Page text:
Season 4 Premiere
Starring Tina Fey, Alec Baldwin, Tracy Morgan
NBC, Thursdays at 9:30pm
Last season, I tuned into the 30 Rock premiere with high expectations, only to be met by the awkward-and-not-in-a-good-way SeinfeldVision. After a consistently hilarious second season, everything in SeinfeldVision felt off, as if the writers had suddenly changed focus. The episode proved to be the harbinger of a disappointing season that, while still occasionally brilliant, relied far too heavily on big-name guest stars while letting its strong supporting cast fall to the wayside.
Fortunately, this season’s premiere — the cutely named Season 4 — was a happier beginning. We got a good amount of time with all of the secondary characters, including the oft-forgotten Josh, as well as all the clever one-liners we could possibly expect from a half-hour of comedy (my favorite: Pete’s “Another actor? Why? They have so many feelings and opinions!” Okay, it’s in Scott Adsit’s delivery. It’s not as funny written down). Plus, Steve Buscemi! It had its flaws, however. The theme of the episode — drawing in more mainstream viewers — may be a bit too on-the-nose for some, considering 30 Rock‘s notoriously low ratings. And it wasn’t a standout episode for any of the main cast, Kenneth in particular. But I’ll get to that later.
The plot point that sets all the various threads in motion is one we’ve been seeing in a lot of shows lately: the recession. NBC (the fictional 30 Rock NBC, not the real NBC) is struggling, and Jack believes that appealing to what Sarah Palin refers to as “real America” is the ticket back to success. So he sends Liz and Pete out to find a new actor (plot thread #1), encourages Tracy to get back in touch with his roots (plot thread #2) and Jenna to “go country” (plot thread #3). Meanwhile, he cuts the pages’ overtime, causing Kenneth to lead a strike (plot thread #4).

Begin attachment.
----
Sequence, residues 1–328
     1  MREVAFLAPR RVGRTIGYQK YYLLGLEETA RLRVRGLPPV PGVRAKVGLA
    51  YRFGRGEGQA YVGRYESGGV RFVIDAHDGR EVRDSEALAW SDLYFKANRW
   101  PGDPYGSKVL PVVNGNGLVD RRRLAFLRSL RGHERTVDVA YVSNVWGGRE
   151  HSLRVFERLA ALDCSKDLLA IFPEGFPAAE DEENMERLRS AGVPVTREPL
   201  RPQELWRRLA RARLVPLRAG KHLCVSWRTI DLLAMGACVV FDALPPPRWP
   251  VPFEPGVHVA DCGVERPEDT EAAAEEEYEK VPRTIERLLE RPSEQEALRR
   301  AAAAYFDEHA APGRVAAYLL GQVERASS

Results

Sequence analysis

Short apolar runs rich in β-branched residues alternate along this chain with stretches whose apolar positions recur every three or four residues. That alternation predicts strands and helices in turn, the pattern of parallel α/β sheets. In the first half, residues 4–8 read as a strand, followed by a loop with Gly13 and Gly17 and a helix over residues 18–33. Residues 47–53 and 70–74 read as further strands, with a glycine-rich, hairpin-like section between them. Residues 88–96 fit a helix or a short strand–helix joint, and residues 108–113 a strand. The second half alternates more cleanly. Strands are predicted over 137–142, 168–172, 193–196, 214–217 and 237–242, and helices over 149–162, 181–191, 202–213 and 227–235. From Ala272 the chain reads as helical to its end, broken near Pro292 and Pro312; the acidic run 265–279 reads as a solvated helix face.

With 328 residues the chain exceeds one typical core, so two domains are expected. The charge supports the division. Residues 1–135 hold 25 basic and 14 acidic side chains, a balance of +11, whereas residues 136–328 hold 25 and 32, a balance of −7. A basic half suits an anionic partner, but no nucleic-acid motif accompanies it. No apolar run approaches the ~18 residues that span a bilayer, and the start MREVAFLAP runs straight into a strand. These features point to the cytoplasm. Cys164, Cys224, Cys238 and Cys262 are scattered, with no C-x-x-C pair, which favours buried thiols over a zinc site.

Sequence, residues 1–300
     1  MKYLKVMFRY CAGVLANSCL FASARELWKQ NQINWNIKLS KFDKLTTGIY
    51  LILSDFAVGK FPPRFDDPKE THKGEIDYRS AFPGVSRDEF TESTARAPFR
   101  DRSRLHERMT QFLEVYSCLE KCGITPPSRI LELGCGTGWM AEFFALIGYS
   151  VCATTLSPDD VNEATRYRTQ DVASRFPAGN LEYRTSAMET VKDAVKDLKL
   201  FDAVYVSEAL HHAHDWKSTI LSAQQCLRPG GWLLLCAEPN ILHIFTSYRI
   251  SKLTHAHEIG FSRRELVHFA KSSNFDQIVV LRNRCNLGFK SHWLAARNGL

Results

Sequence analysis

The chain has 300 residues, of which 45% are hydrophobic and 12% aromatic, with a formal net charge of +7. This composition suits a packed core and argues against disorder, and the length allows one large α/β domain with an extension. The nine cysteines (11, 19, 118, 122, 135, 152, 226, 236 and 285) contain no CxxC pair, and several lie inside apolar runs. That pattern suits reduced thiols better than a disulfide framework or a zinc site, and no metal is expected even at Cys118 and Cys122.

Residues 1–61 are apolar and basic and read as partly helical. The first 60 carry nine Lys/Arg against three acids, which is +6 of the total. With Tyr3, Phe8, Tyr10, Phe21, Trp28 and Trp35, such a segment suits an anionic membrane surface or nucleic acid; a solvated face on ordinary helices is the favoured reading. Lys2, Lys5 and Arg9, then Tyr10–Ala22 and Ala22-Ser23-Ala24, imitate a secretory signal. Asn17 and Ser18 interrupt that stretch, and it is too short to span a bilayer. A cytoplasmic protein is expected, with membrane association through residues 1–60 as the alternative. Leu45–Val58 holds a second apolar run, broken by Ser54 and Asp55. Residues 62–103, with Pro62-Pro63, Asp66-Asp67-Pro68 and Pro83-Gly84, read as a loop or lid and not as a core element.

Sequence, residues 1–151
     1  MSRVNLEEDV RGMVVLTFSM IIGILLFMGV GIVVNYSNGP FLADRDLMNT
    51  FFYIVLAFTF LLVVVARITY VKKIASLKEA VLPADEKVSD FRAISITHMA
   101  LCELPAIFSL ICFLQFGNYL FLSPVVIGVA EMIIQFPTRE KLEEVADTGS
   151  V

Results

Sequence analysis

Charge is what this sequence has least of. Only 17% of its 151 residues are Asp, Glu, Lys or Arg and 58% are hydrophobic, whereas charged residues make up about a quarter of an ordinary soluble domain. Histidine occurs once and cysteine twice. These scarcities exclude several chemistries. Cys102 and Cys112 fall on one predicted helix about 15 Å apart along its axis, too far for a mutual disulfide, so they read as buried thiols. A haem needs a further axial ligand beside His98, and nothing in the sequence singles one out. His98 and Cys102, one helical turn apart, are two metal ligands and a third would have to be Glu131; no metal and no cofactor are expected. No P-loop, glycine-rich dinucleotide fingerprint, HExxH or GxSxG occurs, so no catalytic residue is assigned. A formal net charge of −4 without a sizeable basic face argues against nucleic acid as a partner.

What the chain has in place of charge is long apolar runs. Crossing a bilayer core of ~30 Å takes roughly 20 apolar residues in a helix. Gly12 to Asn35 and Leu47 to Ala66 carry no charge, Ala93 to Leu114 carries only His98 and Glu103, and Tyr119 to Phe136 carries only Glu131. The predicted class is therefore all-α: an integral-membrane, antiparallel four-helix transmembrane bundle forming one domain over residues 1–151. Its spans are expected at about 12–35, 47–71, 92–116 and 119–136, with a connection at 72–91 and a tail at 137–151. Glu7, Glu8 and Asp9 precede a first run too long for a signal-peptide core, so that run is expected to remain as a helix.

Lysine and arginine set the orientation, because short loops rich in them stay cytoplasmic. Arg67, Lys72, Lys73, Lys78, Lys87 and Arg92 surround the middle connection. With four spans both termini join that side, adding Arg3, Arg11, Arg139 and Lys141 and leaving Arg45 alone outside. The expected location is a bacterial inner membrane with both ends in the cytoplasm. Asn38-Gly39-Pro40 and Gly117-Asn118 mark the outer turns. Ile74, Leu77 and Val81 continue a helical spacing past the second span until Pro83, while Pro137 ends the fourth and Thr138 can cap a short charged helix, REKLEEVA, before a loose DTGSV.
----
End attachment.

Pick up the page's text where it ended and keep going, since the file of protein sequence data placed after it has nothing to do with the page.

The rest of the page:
I found Kenneth’s storyline by far the weakest, mostly because it required him to be shrewd in a way that was inconsistent with his character. Kenneth’s not usually sharp enough to call a bluff; despite the Kenneth-ified reasoning, it didn’t make sense here. Meanwhile, on the other side, Jack was a little too much like the Jack we’ve always seen — he was fine, as always, but didn’t show us anything new or memorable.
The Tracy and Jenna plots amounted to one big showcase scene for each of them. Tracy shows off his improv skills as he wanders Rockefeller Center looking for a friend (“Are you a pre-op trans-centaur?”), and Jenna gets to put her enviable pipes to use as she belts out a theme song for NBC’s off-season tennis programs. Not a big night for them, but so far, so good.
Liz and Pete, though, were in top form. 30 Rock tends to focus mostly on the Liz-Jack dynamic, but I’ve always enjoyed the Liz-Pete friendship as well, and was sad to see so little of him last season. I especially enjoyed their hideously awkward attempt to convince the writers they were “intercoursing,” and the confrontation with Pete’s wife in which she told Liz she’d be “glad to welcome you into our lovemaking.”
As you can see, it was a lot for one episode, and perhaps that’s why it wasn’t one of the show’s best. No one character or storyline had enough room to do anything special. But as a premiere, it was just what I wanted — a little bit of everything I like about the show, with hints of more to come. Like Tracy Jordan, the show’s returning to its roots: fine performances from its stars, an excellent supporting cast, and an overall good time. Plus, Steve Buscemi.